Kogut simulates quantum chromodynamics
Around the halls of NCSA, he was affectionately referred to as “The Sponge.” University of Illinois physics professor John Kogut, who had been one of the co-principal investigators on the initial proposal for a supercomputer center, was willing to sop up any unused computing cycles.
“John Kogut and his group used half of the original supercomputer,” explained Larry Smarr, NCSA’s first director. “It was a two-processor Cray X-MP, and one of the processors Kogut was able to keep busy doing quantum chromodynamics calculations, basically 24/7.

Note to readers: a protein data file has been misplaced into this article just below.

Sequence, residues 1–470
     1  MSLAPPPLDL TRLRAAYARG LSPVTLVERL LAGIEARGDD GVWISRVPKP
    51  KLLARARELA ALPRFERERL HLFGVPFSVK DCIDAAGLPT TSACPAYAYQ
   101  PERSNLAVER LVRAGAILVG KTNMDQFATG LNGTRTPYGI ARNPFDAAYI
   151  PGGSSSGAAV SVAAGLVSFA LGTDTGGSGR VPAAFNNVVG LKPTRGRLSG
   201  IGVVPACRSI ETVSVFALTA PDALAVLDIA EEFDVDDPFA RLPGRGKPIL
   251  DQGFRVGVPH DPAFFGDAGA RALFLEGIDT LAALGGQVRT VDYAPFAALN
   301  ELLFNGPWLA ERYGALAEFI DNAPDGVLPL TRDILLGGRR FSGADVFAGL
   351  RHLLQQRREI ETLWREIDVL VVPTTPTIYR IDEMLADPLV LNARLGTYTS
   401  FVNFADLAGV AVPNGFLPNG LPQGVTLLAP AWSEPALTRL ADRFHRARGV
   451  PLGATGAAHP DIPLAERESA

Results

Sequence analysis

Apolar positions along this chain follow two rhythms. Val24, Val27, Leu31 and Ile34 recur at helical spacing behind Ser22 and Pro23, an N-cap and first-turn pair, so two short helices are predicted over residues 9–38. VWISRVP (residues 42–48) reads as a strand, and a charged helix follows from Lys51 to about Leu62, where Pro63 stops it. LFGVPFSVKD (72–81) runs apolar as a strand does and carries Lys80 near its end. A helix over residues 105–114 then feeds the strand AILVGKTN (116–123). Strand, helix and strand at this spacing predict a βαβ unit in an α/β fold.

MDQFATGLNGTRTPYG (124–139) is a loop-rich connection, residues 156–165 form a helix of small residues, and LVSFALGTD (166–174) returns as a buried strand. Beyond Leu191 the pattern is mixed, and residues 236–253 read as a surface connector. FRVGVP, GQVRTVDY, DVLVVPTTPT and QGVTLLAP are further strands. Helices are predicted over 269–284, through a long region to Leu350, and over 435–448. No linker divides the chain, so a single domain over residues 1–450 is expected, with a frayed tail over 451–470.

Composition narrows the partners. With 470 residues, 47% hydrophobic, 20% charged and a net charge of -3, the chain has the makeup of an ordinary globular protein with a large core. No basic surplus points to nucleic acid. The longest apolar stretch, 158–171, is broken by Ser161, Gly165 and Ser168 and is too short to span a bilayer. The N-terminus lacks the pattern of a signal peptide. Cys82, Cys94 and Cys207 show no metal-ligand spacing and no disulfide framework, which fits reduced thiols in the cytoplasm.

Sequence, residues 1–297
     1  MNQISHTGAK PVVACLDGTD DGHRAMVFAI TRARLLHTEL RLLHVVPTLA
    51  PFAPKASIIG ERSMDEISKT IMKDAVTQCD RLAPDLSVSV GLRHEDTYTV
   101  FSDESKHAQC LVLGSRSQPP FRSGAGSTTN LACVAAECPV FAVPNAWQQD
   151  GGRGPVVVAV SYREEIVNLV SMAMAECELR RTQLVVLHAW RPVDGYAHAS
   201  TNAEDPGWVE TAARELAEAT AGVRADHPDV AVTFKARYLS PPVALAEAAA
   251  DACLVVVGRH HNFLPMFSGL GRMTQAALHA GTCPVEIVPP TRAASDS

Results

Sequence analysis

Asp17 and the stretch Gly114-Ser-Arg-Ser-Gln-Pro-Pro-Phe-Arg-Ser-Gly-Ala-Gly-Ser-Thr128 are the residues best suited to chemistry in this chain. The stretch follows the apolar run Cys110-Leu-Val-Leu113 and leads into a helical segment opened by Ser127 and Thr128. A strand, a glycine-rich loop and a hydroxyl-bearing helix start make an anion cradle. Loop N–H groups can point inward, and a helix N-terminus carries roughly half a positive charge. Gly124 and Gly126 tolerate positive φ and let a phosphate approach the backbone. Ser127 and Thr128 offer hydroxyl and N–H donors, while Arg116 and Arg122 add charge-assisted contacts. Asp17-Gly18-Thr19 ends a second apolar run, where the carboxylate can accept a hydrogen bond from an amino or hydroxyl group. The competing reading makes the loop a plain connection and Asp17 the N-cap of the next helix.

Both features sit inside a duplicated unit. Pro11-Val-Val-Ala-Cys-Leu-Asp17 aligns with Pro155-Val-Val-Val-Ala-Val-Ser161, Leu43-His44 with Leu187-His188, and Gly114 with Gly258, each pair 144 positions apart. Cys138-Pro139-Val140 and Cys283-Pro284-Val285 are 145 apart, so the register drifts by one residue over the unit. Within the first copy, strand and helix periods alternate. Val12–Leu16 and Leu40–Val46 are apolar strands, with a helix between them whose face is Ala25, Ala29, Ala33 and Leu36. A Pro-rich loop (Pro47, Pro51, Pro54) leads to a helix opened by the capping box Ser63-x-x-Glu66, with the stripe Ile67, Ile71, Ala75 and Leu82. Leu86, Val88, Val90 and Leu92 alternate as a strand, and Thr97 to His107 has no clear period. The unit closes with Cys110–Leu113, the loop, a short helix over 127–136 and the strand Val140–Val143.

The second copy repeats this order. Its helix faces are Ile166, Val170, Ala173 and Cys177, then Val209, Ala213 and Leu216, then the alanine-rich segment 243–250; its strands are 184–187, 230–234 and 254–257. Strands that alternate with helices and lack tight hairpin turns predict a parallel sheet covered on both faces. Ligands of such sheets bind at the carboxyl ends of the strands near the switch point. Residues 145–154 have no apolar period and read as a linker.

“We have a wonderful picture of John on a very early Macintosh, and it had a little wire going over to the Cray sitting there. That became the metaphor for NCSA…We knew people came from a PC or a Macintosh, across a network, to the supercomputer. That was not the mode [at the Department of Energy’s national labs]. This was a radical departure, and it was happening just as the PC world was being born.”
Kogut remains one of NCSA’s most prolific users two decades later.